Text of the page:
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DAN ELLSBERG to speak Tuesday, Sept. 26, 2006, 12:30 pm; Weekly

Anti-Torture Teach-in/ Vigil at UC Berkeley Boalt Hall Law School

A message from Taigen Dan Leighton


DAN ELLSBERG will speak Tuesday, Sept. 26, 12:30 p.m. in front of UC Berkeley Law School.

In the past week, a so-called "compromise" with John McCain has given George W. Bush the right to torture freely and impunity for all his previous torture programs and war crimes, along with wiping out habeas corpus for detainees.  This is a clear violation of the Geneva Conventions.

And tomorrow, as we meet in front of Boalt Hall, congress will be considering giving Bush approval to continue his torture.

This is a terrible action our congress contemplates this week.

    Hentoff writes in his column in today's Washington Times: "Little
attention is being paid to Section 6 of this Warner-McCain-Graham bill
that denies the right to a habeas-corpus hearing not only to Guantanamo
Bay prisoners, but to any alien detainee outside the United States
designated by the president as an 'enemy combatant.' ...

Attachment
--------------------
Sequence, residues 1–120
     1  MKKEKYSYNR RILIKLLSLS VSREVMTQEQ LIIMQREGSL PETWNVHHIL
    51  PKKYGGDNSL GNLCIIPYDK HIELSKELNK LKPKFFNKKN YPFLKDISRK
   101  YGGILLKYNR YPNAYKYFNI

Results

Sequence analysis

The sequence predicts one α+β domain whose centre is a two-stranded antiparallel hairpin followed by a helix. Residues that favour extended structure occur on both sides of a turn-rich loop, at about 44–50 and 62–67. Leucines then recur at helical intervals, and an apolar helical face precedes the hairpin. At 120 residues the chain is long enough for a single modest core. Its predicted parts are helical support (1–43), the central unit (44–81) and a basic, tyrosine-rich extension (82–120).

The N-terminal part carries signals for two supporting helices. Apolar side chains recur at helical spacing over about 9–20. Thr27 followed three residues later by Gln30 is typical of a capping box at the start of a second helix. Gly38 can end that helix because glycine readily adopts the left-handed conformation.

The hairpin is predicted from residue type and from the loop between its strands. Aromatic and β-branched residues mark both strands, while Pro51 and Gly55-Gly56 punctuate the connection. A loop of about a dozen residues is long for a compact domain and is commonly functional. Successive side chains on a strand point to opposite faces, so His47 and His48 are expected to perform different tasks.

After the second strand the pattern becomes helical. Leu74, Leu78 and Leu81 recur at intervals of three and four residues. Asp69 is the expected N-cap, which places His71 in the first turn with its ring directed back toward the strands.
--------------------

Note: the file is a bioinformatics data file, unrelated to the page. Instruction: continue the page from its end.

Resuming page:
"Nine retired federal judges have tried to awaken Congress to this
constitutional crisis. Among them are such often-honored jurists as
Shirley Hufstedler, Nathaniel Jones, Patricia Wald, H. Lee Sarokin and
William Sessions (who was head of the CIA and the FBI). They write,
particularly with regard to Mr. McCain's concerns about torture, that
without habeas petitions, how will the judiciary ensure that 'Executive
detentions are not grounded on torture'?"

Meanwhile, at the U.C. Berkeley Law School, we are holding a weekly "Teach-In and Vigil Against American Torture and the Dictatorial Presidency." 

The event is Tuesdays, 12:30-1:30 pm, in front of Boalt Hall Law School on Bancroft Ave near the fountain at the end of College Ave., on the UC Berkeley campus.

Please join us and stand up against American torture and presidential rampant abuses of the law.

Past speakers, going back to last semester, have given clear evidence of the widespread use of torture by the Bush government, and the legal, political, and ethical violations it represents to people of conscience, and to the rest of the world, as well as the lack of reliability of torture as a tool of intelligence.

We meet at Boalt Hall Law School because its Professor, John Yoo, is a primary legal architect, through the infamous "torture memo" he wrote, of the Bush Torture program.  Yoo is also one of the designers of Bush's use of "signing statements," placing himself above the Law and in violation of the U.S. Constitution. 

It is only because of the highly controversial opinions of John Yoo, who defines "torture" as limited to death or destruction of major organs, that Pres. Bush can now claim that we do not torture.

Professor Yoo teaches at UC Berkeley without the University disassociating itself from his views, which include condoning the torture of children.  We do not seek to limit John Yoo's academic freedom, but to express our strong objection to the Torture and unlimited presidential powers he advocate.